How to Save for Retirement while Self-Employed

Neglecting your retirement savings as you start your own business is simply not an option. Instead, you must find ways to continue saving for retirement even as you struggle to create a business that sustains your income. Here are a few tips that will help you get on the right track.

Make sure you’re charging enough
Many people think that they simply need to replace their income from their former employer in order to be successfully self-employed, but that isn’t the case. Let’s say you made $50,000 working for an employer and your small business brings in $50,000. Since you now have to pay your own Social Security employer match, your own business expenses, your own vacation, sick and holiday pay and make all your own retirement contributions, you actually need to bring in much more than you did before. These additional self-employment expenses can easily account for 15% to 20% of your income, if not much more.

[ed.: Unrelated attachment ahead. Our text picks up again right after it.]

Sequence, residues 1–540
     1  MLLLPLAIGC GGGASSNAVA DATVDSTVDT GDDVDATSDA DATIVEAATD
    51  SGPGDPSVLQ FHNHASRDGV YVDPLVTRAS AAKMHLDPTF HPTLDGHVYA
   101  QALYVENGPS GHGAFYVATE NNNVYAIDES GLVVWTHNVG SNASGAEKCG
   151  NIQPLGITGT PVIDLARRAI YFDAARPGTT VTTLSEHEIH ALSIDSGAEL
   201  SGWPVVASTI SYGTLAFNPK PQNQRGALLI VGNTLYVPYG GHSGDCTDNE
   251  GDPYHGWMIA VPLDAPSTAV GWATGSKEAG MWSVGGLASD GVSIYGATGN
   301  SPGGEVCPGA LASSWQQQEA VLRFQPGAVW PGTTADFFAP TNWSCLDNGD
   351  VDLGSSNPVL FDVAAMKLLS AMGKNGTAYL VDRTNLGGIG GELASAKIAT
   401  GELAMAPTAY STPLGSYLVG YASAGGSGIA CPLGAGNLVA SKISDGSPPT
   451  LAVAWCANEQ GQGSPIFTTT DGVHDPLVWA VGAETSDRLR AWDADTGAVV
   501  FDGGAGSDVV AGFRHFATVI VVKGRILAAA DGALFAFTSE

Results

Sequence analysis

Put yourself on the payroll
By giving yourself a consistent weekly or bi-weekly paycheck, you can ensure that you maintain a regular budget and never miss a retirement plan contribution.

Choose a retirement plan
There are many retirement plans that a self-employed business owners can open including a SEP IRA, SIMPLE IRA or Solo 401(k).

  • With a Simplified Employee Pension (SEP) IRA you can contribute up to 25 percent of your income each year (this cannot exceed $53,000 in 2015). These accounts are easy and affordable to maintain but for those who have other employees, the automatic vesting and requirement for employer contributions to employee accounts may not be a good fit.
  •  The Savings Incentive Match Plan for Employees (SIMPLE) IRA allows for up to $11,500 in annual contributions for those who are under 50 and $14,000 for those who are over 50. If you have employees, you’ll also be required to match their contribution up to 3 percent of their pay.
  • A Solo 401(k) is for business owners with no employees. It allows for contributions of up to $18,000 in 2015 ($24,000 for ages 50 and over) along with an employer match of up to 25 percent of compensation. Unlike the IRAs discussed above, you can also take a loan out of the individual 401(k).

At Kramer Wealth Managers, we can help you choose the best retirement account for your goals, income and business and help you manage the choices you make with your retirement savings. Contact us today to find out how to get started.